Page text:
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Types of OCD

OCD is a cyclic disorder comprised of obsessions (distressing thoughts) and compulsions (mental or behavioral habits to relieve the anxiety). Reliance on the compulsions to feel better perpetuates the cycle. Over time, it seems impossible to cope with the anxiety without engaging in compulsions. Read on to learn about the various subsets of OCD.

Contamination fears that are followed by decontamination compulsions in order to feel relief from the anxiety, discomfort and uncertainty.

Feeling terrified you may harm someone else. And steering clear of certain people as well as potentially dangerous objects for fear of harming someone.

Uncertainty of whether you could or want to cause harm to yourself. Constantly questioning, "am I suicidal?" And then working to answer that question.

Extreme distress that results from doubts about your own sexual orientation. Relief from reassurance or checking is temporary as the doubt inevitably returns.

Doubts about your relationship in terms of connection, longevity, intimacy, etc. This results in efforts to test your worries and seek certainty about your doubts.

Questions about leaving a door unlocked or stove on that result in mental review and rechecking. It is common to have strong feelings of responsibility for the safety of others resulting in certainty-seeking that everything is safe.

Thoughts or images that frequently show up causing significant distress, disgust and anxiety. Compulsions are not observable leading some to think they are not present.

This is when doubt targets driving and the possibility of hitting someone while on the road. In these triggering situations, there are no facts to support this idea but when uncertainty shows up, it is hard to stay grounded in facts.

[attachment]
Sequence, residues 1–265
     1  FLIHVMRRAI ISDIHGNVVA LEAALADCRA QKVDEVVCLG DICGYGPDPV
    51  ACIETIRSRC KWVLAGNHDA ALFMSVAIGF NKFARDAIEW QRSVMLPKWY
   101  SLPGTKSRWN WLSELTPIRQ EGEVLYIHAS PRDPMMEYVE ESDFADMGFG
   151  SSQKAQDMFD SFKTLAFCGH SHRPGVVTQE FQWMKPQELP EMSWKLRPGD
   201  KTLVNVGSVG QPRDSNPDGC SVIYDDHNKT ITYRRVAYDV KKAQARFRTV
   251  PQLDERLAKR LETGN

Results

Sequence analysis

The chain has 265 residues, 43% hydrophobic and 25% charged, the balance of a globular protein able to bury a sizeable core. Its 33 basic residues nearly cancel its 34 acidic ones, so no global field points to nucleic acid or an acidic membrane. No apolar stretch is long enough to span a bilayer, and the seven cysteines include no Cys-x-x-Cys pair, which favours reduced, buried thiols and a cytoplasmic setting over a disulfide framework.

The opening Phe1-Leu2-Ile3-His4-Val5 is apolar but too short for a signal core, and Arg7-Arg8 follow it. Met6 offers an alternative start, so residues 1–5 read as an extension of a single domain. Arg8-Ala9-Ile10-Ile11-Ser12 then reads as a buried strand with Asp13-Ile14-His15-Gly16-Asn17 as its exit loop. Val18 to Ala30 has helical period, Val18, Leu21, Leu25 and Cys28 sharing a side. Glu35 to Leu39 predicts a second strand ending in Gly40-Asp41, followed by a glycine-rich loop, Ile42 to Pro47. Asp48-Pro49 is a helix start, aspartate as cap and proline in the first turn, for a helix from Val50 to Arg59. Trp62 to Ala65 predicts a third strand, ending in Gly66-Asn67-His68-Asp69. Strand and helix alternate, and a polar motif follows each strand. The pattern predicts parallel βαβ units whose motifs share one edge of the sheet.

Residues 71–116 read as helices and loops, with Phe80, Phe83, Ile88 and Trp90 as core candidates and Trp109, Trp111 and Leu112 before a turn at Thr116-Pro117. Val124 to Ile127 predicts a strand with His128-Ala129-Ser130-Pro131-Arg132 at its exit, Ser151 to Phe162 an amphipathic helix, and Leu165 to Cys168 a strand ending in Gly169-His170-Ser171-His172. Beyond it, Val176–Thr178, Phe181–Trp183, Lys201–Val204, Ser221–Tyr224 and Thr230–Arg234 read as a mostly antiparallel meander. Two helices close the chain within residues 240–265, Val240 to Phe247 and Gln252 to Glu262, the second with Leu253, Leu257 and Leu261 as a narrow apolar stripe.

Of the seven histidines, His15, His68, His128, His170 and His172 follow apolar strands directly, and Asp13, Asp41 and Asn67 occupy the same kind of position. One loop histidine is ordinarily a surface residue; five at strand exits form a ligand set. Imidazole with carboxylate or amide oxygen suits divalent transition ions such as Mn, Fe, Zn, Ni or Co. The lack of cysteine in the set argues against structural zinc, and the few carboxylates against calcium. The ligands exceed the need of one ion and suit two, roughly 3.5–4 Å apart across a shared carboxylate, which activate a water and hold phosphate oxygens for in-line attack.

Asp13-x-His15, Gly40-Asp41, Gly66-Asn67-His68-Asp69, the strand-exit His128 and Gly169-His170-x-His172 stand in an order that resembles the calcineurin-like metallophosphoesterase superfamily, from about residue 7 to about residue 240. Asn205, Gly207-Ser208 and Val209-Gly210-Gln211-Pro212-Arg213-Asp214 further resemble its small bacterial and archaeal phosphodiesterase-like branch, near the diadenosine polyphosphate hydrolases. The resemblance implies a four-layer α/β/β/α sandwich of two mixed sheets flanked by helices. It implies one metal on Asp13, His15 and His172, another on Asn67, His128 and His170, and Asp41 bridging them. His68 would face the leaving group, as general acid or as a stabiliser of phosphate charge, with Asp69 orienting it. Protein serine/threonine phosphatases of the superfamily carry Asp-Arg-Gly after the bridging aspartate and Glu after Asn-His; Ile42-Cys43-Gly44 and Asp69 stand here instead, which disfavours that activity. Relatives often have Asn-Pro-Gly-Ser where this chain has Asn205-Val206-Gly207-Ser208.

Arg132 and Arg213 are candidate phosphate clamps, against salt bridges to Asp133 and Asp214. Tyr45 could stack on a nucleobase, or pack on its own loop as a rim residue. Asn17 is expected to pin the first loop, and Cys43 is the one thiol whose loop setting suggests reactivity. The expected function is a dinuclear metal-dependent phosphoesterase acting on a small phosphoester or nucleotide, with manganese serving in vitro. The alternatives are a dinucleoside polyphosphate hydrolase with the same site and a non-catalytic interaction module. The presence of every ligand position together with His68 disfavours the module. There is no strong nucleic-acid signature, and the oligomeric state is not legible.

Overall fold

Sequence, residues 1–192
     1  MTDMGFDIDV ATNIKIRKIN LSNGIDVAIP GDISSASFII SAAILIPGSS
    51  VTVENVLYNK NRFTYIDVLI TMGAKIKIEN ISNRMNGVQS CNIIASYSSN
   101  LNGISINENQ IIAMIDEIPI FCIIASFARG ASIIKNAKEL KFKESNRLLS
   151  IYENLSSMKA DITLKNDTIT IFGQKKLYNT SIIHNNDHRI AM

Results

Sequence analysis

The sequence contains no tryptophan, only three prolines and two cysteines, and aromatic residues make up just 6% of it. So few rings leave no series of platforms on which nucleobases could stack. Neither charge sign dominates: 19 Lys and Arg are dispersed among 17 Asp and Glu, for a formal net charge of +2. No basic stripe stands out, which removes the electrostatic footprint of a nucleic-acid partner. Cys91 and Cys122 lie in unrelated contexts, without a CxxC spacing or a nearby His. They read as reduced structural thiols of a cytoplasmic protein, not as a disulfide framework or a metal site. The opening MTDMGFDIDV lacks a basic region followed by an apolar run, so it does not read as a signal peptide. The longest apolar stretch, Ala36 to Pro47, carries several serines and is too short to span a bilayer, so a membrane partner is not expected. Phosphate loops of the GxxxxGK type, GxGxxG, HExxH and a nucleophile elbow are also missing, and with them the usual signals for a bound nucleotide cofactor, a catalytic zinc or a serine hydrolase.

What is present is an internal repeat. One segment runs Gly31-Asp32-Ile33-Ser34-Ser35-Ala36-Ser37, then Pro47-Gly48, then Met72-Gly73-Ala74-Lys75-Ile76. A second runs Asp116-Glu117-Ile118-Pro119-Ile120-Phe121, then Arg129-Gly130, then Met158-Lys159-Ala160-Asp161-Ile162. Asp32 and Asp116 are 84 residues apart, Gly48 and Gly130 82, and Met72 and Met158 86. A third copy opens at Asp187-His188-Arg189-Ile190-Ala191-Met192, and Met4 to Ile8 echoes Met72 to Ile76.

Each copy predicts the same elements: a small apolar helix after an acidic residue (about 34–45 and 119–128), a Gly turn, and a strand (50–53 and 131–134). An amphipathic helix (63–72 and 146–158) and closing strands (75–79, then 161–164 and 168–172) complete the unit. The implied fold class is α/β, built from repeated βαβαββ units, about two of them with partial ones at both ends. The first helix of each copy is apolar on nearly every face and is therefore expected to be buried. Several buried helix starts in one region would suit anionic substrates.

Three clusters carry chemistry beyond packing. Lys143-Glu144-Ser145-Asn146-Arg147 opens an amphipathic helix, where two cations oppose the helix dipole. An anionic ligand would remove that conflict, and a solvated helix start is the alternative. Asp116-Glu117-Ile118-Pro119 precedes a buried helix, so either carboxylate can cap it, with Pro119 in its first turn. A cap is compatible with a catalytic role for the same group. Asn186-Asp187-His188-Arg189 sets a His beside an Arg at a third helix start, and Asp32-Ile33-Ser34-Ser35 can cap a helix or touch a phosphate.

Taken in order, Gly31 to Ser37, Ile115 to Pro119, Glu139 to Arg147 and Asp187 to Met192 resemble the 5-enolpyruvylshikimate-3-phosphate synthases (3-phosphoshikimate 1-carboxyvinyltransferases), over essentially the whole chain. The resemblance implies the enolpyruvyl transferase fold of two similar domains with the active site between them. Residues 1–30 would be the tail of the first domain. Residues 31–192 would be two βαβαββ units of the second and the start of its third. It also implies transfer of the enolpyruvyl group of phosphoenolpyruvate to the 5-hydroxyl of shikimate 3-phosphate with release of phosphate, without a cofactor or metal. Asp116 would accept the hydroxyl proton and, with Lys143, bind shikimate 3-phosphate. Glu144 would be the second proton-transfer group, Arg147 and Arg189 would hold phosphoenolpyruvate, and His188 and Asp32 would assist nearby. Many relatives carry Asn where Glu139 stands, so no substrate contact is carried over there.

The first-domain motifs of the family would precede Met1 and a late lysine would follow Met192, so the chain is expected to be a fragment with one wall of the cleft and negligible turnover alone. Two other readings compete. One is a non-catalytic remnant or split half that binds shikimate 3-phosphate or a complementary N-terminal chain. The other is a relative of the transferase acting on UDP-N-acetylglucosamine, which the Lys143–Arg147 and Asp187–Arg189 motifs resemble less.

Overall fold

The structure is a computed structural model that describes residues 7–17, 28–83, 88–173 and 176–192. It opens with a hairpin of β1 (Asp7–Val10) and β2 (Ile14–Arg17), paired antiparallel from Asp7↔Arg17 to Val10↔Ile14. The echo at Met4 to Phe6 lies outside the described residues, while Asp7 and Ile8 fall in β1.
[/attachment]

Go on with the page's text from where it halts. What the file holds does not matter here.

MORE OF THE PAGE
Triggers bring about a sense that something is incomplete, uneven or asymmetrical or simply not right. Compulsions work to regain the just right feeling and get rid of the tension and discomfort.

Obsessions are about life's biggest questions leaving you feeling anxious and unsure. Significant time is spent in compulsions with high levels of distress reported.

Belief that contact with a feared person or place will lead to mental or physical contamination such as taking on the unwanted personality traits of someone. 

OCD that focuses on platonic relationships like those with your children, pets, boss, coworkers or casual acquaintances. It can even target your objects or decisions like, "what should I declare as my college major?"

Fear of behaving in ways that are immoral or against your own ethical code leading to self-evaluation of whether you're a "good" or "bad" person. Usually accompanied by tremendous guilt and shame.

Excessive worry around adherence to religious practices and doubt about current standing with God or religious leader. Compulsions may look like faith-based actions but they mainly serve to relieve the anxiety that accompanies an OCD episode.

Uncertainty around whether a memory truly happened or not. Considerable mental review where the real or imagined memory is replayed over and over in hopes of getting certainty on what really took place. 

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